When Do You Compromise on Climate Change?

Katy Yan

As regional and national climate change bills continue to ebb and flow in the US, environmental groups have often found themselves split down the middle depending on how much they are willing to compromise with industry.

On the one hand, you have big green groups throwing their support behind the upcoming Kerry-Lieberman-Graham (KGL) bill (still unpublished), even though there are some glaring loopholes and red flags. These groups include Environment America, Alliance for Climate Protection, Environmental Defense Fund, National Wildlife Federation, and the Natural Resources Defense Council, among others. Given how often federal climate legislation has stalled, perhaps getting anything passed at this point is better than no climate bill at all – at least you'd have something to work with and build on (or so the line goes).

On the other hand, groups like Greenpeace, Center for Biological Diversity (CBD), and Friends of the Earth (and an increasingly large group of activists known as Climate SOS) expect the KGL bill to be far worse than Waxman-Markey. According to Reuters' secret sources ("Details of draft climate bill in U.S. Senate," April 26), among it's problems may include:

  • Weak targets: A 17% reduction in overall greenhouse gas emissions by 2020 from 2005 levels, which translates to just 3% from 1990 levels. Compare that to the 25-40% below 1990 levels that the IPCC calls upon rich countries like the US to achieve.
  • Stripping EPA's powers: The EPA would be barred from regulating carbon dioxide emissions. This tops the charts as one of the most outrageous provisions. Even without comprehensive climate legislation, the EPA has the tools necessary for the US to respond to the climate crisis. According to Kassie Siegel of the CBD, "The Clean Air Act can achieve everything we need," including the 40% target, perhaps enough to keep global temperatures from rising 2 degrees Celsius and triggering runaway climate change (i.e. more frequent and intense droughts, hurricanes, social conflicts, etc).
  • Domestic and international offsets: Like Waxman-Markey, billions of offsets will most likely be included, allowing polluters to delay transitioning to cleaner technologies.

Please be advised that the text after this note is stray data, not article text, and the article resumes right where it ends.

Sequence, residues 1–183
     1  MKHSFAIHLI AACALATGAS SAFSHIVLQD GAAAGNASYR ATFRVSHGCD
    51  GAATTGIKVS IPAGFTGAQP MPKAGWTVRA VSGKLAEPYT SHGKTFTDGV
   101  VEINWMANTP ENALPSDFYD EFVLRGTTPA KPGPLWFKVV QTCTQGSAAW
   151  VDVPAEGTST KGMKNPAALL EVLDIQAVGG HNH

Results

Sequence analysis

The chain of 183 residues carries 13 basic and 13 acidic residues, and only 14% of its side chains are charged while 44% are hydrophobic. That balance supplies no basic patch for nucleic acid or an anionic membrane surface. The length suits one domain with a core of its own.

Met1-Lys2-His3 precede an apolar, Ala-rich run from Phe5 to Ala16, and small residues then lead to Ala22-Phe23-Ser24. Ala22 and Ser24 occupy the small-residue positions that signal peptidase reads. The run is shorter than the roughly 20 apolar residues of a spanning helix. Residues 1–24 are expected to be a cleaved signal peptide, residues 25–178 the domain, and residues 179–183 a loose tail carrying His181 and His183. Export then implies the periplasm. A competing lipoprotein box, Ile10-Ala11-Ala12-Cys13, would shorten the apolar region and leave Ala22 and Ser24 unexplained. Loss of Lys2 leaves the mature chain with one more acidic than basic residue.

• Phase-in cap-and-trade (C&T): This legislation is expected to avoid using the term"cap-and-trade" (once the darling of the business world). Electric utilities would be put under the program in 2013, with manufacturers phased in in 2016.
  • State and regional C&T programs terminated: Despite critiques we've had on California's AB32 and the western US and Canada's Western Climate Initiative, they are among some of the strongest legislation we've seen in the US (AB32 is currently law, but the WCI has not yet been enacted). On the question of compromise, it's much easier to do so when your starting point (ex. AB32) is moderately strong. With all the uncertainty around the federal bill, western states in the US have starting dropping out of the WCI. A bill that would suspend AB32 in California recently claimed it had enough signatures to make it to the November ballot ("California may vote to freeze landmark climate law," May 4).

While the text for the KGL bill has not yet been published, it's time to start asking some hard questions. When do you compromise and where do you draw the line? Do you throw your support behind the underdog, the Cantwell-Collins CLEAR Act for instance (see Grist critique and defense), even if chances are slim it will have any political support? Do you join the big dogs and keep a bill like the KGL from getting further weakened by industry, in case that's the only bill that will ever pass? Or do you sit back and watch it all happen, as the global climate regime continues to spin out of control?

What would you do?